July 25, 2001
Many local utilities are months behind schedule preparing for Ontario’s new competitive electricity market, according to the Ontario Energy Board.
In a letter to utilities sent yesterday, the energy board (OEB) said it is extending a key deadline by four months because so few utilities are on schedule.
Even with the four-month delay, the board said the market should still be able to open by the May, 2002 target date set by the provincial government.
However, it would appear to dash hopes that the market could open earlier than next May, as the province would have liked.
The letter from energy board secretary Paul Pudge said the board has reviewed questionnaires submitted by local utilities about their state of readiness for a competitive market.
The market will change the utilities’ current practice of buying almost all their electricity from Ontario Power Generation, one of the remnants of the old Ontario Hydro, and selling it under a single rate schedule.
With the new market, many generating companies will be selling power. Some will sell direct to large customers and others to retailers who then will resell to house and apartment dwellers.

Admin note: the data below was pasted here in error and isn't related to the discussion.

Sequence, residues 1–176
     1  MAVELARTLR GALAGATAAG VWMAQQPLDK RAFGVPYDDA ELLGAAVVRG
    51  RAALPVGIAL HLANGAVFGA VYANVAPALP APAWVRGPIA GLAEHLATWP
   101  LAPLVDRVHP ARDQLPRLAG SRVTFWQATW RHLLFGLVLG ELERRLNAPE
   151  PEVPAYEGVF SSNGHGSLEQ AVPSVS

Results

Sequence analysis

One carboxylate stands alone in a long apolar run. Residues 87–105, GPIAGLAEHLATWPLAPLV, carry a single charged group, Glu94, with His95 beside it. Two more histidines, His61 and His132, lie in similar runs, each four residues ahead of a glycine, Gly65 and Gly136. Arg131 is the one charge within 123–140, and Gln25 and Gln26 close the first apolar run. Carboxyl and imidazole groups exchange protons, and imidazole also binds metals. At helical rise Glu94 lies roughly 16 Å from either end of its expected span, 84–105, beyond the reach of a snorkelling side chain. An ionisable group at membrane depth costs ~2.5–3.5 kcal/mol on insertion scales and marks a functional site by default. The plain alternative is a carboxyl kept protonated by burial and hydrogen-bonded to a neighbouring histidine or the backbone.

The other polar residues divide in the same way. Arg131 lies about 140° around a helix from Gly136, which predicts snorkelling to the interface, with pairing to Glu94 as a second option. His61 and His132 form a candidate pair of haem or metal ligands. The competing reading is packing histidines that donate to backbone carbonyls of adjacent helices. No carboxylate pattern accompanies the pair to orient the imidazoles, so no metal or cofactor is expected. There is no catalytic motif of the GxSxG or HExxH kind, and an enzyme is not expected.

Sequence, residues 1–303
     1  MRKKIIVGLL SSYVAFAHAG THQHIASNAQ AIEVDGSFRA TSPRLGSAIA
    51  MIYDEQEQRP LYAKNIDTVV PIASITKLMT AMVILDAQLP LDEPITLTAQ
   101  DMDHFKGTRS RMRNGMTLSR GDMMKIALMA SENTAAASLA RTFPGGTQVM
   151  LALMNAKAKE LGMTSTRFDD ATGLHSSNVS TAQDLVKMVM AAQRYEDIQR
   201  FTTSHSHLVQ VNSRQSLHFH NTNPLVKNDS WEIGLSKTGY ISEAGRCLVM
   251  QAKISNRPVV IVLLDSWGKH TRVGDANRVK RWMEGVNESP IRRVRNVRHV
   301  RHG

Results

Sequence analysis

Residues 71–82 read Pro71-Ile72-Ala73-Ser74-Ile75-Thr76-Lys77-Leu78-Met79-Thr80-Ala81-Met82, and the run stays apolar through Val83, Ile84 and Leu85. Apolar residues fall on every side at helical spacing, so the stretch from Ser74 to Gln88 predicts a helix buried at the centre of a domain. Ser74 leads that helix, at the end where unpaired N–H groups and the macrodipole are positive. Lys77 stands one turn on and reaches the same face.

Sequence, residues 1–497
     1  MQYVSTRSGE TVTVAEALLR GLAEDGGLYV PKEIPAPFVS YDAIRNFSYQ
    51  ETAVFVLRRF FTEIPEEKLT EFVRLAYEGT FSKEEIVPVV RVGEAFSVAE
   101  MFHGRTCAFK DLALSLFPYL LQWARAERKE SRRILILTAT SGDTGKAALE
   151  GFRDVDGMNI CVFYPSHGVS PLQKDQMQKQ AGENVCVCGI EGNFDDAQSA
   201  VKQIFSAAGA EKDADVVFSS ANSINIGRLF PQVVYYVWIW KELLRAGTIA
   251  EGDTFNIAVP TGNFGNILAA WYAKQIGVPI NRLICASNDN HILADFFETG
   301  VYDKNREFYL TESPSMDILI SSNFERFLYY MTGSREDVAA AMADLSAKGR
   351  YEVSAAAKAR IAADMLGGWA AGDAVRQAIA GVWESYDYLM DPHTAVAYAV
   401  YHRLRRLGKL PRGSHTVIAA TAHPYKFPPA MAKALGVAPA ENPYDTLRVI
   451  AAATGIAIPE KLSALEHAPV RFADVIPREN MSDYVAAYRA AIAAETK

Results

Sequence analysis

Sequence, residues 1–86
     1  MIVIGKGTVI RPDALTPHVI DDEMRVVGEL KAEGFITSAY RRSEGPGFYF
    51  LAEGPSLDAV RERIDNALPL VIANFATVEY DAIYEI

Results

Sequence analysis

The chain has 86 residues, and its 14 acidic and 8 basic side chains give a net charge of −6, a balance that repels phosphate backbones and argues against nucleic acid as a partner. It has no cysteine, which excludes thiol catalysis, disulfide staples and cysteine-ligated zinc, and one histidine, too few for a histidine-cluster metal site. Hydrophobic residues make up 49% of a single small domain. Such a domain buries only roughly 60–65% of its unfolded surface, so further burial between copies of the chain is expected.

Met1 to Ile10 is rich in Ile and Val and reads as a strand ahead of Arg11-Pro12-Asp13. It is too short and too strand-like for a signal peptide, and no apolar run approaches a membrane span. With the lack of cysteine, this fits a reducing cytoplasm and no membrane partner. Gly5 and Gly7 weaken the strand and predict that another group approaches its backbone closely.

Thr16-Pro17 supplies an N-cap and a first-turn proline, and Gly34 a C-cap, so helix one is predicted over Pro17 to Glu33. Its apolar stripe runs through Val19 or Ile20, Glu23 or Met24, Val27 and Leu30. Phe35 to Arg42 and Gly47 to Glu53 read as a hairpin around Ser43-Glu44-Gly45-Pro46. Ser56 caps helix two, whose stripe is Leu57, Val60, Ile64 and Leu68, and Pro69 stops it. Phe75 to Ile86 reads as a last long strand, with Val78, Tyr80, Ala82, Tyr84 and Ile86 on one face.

Local utilities will need complex systems to track who is delivering power, who’s buying it, and at what price. Those systems were supposed to be tested by Aug. 10.
“The results of this review indicate that only a few distriubutors are on track with the current market readiness plan,” the board letter said.
“The assessment of other distributors’ filings indicates that a large number, representing the bulk of the consumers, are behind schedule.”
Because so many are unprepared, the board is extending the deadline for testing until Dec. 14. After that, it hints, it may consider fining the laggard utilities.
Tom Adams, executive director of Energy Probe, termed the new delay “bad news, but not fatal.
“It is an indication of some of the chaos going on within the ranks of the distribution utilities,” he said.